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Driving alone, I’m on my way, contemplating what to tell my son, Danny… Hmm… that I never had a Play-station? That I couldn’t afford a TV licence? Will he be proud? I doubt it. Could I tell him, I was arrested on numerous occasions for practising my own culture, which if ever harmful, is only harmful to myself, and that to me it felt like I was stopped by the police all too often for being black? Do I tell him, I was once stopped twice in Chapeltown, with only seven minutes in between? Yet I was working as Youth Worker, trying to get to work at the time, trying to set an example, and to help young people progress so that they might not have to go through what I did.

Do I tell him, I’m an honourable man? That I lived a street life, a poor person’s life, and a victim’s life? A life of pressure? Do I tell him the truth or fiction?

Do I tell him, I like football but could never afford to go to a game? That I don’t have Sky TV? That I may have been denied opportunity due to lack of friends in high places? Do I say, I couldn’t be with him when he was a baby because I couldn’t afford to keep him, according to his mother, and the system that backed her one hundred percent? In the world we’re in, I don’t expect things could be any different. Although, it’s all out there, on the net, and in the music. Some truth that is.

But what do I tell him? That I’m not religious but I believe in a higher source? That I believe in peace, and war when it’s justified? That I believe that most wars today are unjustified? That I’m a pessimist? That I believe his mother has betrayed us both? That ninety percent of my friends turned out to be enemies, through selfishness and greed? That in my view, some people really can be sinners to avoid? And that I hope and pray one day, he gets to meet his grandad on my side? That I still need love in my life? What do I say, the truth or fiction?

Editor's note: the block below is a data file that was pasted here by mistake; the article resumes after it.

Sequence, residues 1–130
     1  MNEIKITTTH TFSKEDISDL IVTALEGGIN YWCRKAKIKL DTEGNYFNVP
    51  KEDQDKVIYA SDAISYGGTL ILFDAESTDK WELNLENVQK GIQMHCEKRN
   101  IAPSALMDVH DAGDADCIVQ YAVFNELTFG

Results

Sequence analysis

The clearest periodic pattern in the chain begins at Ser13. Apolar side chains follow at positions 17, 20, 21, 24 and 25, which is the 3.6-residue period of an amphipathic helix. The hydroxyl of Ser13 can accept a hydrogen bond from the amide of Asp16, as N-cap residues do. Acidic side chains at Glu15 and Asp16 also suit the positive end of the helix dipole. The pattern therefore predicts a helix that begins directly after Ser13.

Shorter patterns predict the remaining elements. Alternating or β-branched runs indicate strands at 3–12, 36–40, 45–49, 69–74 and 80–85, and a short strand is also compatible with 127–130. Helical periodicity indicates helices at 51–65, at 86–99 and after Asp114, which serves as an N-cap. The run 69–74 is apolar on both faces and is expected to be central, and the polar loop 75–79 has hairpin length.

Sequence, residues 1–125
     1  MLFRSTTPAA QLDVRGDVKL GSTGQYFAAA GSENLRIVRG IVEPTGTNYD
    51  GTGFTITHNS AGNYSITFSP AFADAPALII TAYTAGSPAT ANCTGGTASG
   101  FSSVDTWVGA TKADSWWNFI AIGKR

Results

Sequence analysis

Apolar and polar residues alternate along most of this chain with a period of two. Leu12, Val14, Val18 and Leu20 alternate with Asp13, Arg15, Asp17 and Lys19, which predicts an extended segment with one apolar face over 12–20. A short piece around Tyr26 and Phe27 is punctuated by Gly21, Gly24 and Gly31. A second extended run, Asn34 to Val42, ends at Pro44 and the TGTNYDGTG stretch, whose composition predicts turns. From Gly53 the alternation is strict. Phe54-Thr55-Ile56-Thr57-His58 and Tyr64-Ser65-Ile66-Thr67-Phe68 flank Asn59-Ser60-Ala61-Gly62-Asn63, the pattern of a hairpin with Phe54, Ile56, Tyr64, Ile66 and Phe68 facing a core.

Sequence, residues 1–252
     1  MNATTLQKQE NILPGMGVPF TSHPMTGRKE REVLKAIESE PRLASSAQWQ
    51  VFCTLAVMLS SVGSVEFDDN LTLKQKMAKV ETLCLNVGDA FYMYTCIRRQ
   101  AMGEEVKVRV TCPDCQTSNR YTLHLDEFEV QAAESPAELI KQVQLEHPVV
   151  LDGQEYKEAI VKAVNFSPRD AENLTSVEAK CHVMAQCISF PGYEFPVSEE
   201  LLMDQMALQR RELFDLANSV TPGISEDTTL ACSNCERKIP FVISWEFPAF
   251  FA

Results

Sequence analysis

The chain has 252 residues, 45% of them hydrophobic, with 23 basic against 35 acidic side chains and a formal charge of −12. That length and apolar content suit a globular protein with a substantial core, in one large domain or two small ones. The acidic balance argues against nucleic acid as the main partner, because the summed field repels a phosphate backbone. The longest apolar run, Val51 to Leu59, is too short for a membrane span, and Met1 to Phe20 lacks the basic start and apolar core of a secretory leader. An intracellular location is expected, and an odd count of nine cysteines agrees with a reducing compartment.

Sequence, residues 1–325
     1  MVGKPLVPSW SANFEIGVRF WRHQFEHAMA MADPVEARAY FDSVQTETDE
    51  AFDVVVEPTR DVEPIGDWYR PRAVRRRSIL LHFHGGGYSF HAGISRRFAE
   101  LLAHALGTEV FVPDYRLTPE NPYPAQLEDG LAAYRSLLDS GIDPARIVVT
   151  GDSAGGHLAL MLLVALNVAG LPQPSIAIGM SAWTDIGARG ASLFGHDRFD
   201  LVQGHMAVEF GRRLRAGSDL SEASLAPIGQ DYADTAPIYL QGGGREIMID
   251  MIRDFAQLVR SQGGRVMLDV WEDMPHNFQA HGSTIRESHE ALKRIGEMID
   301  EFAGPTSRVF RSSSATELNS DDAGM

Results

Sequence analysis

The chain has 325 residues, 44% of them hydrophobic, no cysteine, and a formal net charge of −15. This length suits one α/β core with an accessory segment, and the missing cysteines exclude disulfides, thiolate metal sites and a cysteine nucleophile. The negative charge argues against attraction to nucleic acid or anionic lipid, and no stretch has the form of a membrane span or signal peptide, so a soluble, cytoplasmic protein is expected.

If he happens to ask, I’ll say…

I’ll tell him truth because although his world will differ from mine, he needs to know what it can really be like. It’s my responsibility. He needs to be armed with knowledge and understanding. He needs wisdom and guidance. And he needs to know why I was never a perfect father.

I haven’t seen him for over a year. As I park up, I wonder how it will go. I meet him in the Visiting Centre and being only seven, to be honest I can’t do it to him, not today. His eyes are blameless and innocent. I thought he might be upset, but I seemed more afraid than him. We play some football with a tennis ball, and Black Jack. And I feel like we’re being watched because we are, literally.

He’s a Liverpool supporter, but likes Chelsea. I’m happy with that. I tell him he has an Auntie that plays for Leeds, and he’s pleasantly surprised. Then I ask him about school, then his friends. All good there. He tells me his favourite colour is blue, and so is mine. Then we smile mutually like that’s the most important thing in the world. I give him belated birthday and Christmas gifts and he’s as happy as can be, with no bad vibes I can feel. He is getting on with things, and that makes me feel the same. Oh the truth matters, but not too much, too soon. And the truth is, I love him as a father should, and that will have to do.

When our hour is up, he looks at me sternly and asks, ‘Why can’t I live with you?’

But I really don’t know how to answer. ‘I wish you could,’ I say, ‘but sometimes…Sometimes, life isn’t how we want it to be.’

‘Okay, daddy,’ he says. He gives me back the gifts. ‘Can you look after these for me?’ he asks.

‘Of course I can,’ I reply. It’ll be my pleasure. I’ll bring them next time. And I hope next week will be just as nice, all truth, no fiction, with good vibes.

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